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#CRISIS #Energy #RenewableEnergy #LEBANON
Denys Bédarride
Tuesday 25 April 2023 Last update on Tuesday, April 25, 2023 At 4:47 PM

Lebanon has a high potential for renewable energies, thanks to its high rate of sunshine of 300 days a year, its strong winds and its water resources in the mountains. However, its energy mix remains composed of 95% oil and the installed capacity of renewable energies is almost zero, apart from a few aging hydroelectric infrastructures.

The Lebanese State has set itself a target of 30% renewable energies in the energy mix by 2030. The financing of new capacities would be very largely supported by the private sector in the form of IPP (Independent Power Producer).

Several IPP projects have been in preparation since the 2010s but were frozen following the outbreak of the Lebanese economic and financial crisis. The construction of 3 wind farms in Akkar, with a combined capacity of 226 MW, was approved in 2019. Its structuring had reached an advanced stage but the donors withdrew following the outbreak of the economic crisis.

Other medium-sized solar energy projects have been seriously considered.

The Ministry of Energy granted licenses for the installation of 11 photovoltaic farms totaling a capacity of 300 MW was envisaged. Despite the interest of local and foreign companies, these projects are now on hold due to lack of funding.

The installation of solar panels by households, businesses and institutions accelerated in 2021-2022, given the collapse of Electricité du Liban, which only provides 4 to 5 hours of electricity per day and the exorbitant cost of electricity produced by generators. The installed solar capacity has thus been multiplied by 7 since the beginning of the crisis to reach 690 MW in 2022.

This trend should occur in the short term, given the significant increase in imports of solar panels. The equivalent of 1000 MW was imported in 2022, mainly from China.

At the same time, larger-scale decentralized solar energy projects are emerging (rural municipalities, micro-grids in hospitals and schools).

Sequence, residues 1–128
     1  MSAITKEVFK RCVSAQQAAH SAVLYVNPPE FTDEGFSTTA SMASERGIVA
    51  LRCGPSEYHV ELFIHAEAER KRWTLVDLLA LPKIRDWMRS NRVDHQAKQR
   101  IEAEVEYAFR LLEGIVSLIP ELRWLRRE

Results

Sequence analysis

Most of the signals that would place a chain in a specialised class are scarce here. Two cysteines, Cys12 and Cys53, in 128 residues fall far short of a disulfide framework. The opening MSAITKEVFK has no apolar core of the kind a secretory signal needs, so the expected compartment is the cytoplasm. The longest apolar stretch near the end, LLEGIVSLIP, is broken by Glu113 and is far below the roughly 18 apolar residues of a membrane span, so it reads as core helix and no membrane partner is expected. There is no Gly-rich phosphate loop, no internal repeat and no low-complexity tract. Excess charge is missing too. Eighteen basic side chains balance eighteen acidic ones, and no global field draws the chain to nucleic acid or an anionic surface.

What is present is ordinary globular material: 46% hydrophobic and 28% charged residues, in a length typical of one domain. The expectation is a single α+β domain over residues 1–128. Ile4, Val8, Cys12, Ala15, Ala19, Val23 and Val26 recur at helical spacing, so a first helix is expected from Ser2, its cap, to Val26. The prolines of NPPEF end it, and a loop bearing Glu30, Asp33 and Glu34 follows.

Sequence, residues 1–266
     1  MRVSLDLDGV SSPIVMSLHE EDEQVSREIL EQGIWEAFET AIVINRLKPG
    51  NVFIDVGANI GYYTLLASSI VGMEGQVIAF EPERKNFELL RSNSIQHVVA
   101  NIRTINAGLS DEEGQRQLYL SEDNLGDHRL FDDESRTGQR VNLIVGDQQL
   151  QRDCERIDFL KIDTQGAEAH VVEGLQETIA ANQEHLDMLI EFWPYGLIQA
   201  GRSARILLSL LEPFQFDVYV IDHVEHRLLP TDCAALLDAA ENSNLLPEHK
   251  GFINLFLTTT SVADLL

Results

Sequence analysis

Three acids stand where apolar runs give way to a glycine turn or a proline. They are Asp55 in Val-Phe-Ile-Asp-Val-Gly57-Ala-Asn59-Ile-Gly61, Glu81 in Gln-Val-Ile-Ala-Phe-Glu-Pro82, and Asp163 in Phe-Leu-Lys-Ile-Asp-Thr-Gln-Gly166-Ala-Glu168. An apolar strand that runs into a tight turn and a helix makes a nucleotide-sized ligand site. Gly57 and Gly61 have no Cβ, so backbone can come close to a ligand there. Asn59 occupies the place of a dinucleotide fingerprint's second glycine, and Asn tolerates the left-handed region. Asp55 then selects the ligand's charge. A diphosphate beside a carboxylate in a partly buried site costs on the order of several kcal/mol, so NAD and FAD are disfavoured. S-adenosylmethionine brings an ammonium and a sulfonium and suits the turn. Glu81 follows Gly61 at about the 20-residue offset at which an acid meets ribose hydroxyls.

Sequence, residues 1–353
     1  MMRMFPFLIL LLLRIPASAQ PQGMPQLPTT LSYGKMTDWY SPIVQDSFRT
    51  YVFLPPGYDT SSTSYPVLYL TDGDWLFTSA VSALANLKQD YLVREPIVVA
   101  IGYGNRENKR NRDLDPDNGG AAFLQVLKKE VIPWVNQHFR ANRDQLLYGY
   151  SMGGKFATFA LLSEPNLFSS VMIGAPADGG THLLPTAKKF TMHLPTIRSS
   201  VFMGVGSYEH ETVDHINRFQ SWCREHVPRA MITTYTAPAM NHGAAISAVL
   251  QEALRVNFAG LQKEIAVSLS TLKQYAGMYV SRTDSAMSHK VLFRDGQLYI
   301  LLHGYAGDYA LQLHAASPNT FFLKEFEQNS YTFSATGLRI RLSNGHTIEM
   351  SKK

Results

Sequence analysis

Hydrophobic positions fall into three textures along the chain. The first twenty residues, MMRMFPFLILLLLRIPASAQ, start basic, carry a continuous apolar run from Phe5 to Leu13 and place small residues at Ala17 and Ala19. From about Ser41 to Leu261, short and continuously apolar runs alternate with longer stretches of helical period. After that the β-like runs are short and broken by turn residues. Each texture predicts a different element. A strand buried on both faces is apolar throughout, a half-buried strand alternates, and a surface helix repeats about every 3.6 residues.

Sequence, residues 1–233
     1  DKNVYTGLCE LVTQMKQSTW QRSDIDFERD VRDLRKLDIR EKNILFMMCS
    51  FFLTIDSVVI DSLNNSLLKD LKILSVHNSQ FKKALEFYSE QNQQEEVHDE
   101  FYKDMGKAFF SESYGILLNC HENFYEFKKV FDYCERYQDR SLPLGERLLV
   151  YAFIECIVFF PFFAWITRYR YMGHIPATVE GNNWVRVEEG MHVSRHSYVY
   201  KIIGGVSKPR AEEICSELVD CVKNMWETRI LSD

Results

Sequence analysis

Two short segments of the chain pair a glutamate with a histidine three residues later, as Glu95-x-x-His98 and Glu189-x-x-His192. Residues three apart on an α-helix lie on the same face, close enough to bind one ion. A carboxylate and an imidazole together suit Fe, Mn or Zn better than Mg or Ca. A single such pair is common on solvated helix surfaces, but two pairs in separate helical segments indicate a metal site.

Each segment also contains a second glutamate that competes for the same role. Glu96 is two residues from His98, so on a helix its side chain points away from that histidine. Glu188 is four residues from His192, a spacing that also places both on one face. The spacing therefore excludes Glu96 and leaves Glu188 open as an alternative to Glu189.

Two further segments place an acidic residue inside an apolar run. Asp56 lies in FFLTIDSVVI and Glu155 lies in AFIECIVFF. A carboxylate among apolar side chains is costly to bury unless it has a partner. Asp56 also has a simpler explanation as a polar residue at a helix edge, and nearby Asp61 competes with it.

Deploying large-scale projects requires overcoming several regulatory hurdles. For IPPs, the regulatory care no longer allows the granting of a production license because the temporary regulation allowing the Council of Ministers to grant licenses expired in mid-2021. It is therefore necessary to establish the regulatory authority for the electricity sector.

For decentralized projects, the Decentralized Renewable Energy Act in Parliament must be adopted in order to open the network to small producers of renewable energy up to 10 MW, who would be free to sell to third parties by paying royalties to EDL for transmission.

The financial recovery of EDL is also essential, insofar as the public company will be in charge of the transmission and will constitute, at least initially, the counterpart of the IPPs. International donors are also reluctant to finance IPP projects, considered too risky, unless an agreement with the IMF is concluded.

In addition, the integration of renewable energies requires a sufficient level of non-intermittent electricity production (baseload), i.e. a minimum of 1000 MW to ensure the stability of the network. In the short term, the available capacities of EDL could be sufficient, provided that the 4 main power stations are supplied with fuel oil or gas.

In the medium term, one or two gas-fired power stations will have to be built to sustainably ensure baseload.

Finally, it will be necessary to rehabilitate and develop the transmission network, in the event that large-scale projects materialize.

Source Embassy of France in Lebanon

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